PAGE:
|The first excerpt represents the element of Air. It speaks of mental influences and the process of thought, and is drawn from Twelve Stories and a Dream by H. G. Wells:
lingo badly--even if I'd been able to speak at all--and I couldn't
go flapping a lot of gestures at them. So I drew pictures in sand
and sat down beside them and hooted like one o'clock. Sometimes
they did the things I wanted all right, and sometimes they did them
all wrong. They was always very willing, certainly. All the while
I was puzzling how I was to get the confounded business settled.
Every night before the dawn I used to march out in full rig and go off
to a place where I could see the channel in which the Ocean Pioneer
lay sunk, and once even, one moonlight night, I tried to walk out
to her, but the weeds and rocks and dark clean beat me. I didn't get
back till full day, and then I found all those silly niggers out on
|The second excerpt represents the element of Fire. It speaks of emotional influences and base passions, and is drawn from The Rig Veda:
He who hath vanquished Puru in the battle, the heavenly guest
glowed in full refulgence.
5 Full many oblations are in thee collected: with all thine
thou hast waxen gracious.
Thou art already famed as praised and lauded, yet still, O
increase thy body.
6 Be this my song, that winneth countless treasure, engendered
The Rig Veda
|The third excerpt represents the element of Water. It speaks of pure spiritual influences and feelings of love, and is drawn from A treatise on Good Works by Dr. Martin Luther:
prayers with our mouths. It is all so formal and superficial! We
do not think that we might receive something out of the mass into
our hearts, learn and remember something out of the preaching,
seek, desire and expect something in our prayer. Although in this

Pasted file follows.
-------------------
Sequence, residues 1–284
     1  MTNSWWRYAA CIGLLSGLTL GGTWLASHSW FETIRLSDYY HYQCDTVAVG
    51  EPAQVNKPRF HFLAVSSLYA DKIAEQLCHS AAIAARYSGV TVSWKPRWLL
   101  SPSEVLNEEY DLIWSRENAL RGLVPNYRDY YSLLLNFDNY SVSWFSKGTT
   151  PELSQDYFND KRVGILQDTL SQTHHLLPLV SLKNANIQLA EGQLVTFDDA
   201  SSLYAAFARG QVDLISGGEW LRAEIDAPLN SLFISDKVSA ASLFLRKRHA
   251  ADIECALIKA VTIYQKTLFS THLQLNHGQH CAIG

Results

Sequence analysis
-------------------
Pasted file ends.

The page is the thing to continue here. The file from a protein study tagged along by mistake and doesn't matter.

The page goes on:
matter the bishops and priests, or they to whom the work of
preaching is entrusted, are most at fault, because they do not
preach the Gospel, and do not teach the people how they ought to
look on at mass, hear preaching and pray. Therefore, we will
briefly explain these three works.
II. In the mass it is necessary that we attend with our a hearts
also; and we do attend, when we exercise faith in our hearts.
|The fourth excerpt represents the element of Earth. It speaks of physical influences and the impact of the unseen on the visible world, and is drawn from Alcibiades II by Platonic Imitator:
all who are senseless are mad. For example, if among persons of your own
age or older than yourself there are some who are senseless,--as there
certainly are,--they are mad. For tell me, by heaven, do you not think
that in the city the wise are few, while the foolish, whom you call mad,
ALCIBIADES: I do.
SOCRATES: But how could we live in safety with so many crazy people?
Should we not long since have paid the penalty at their hands, and have
been struck and beaten and endured every other form of ill-usage which
madmen are wont to inflict? Consider, my dear friend: may it not be quite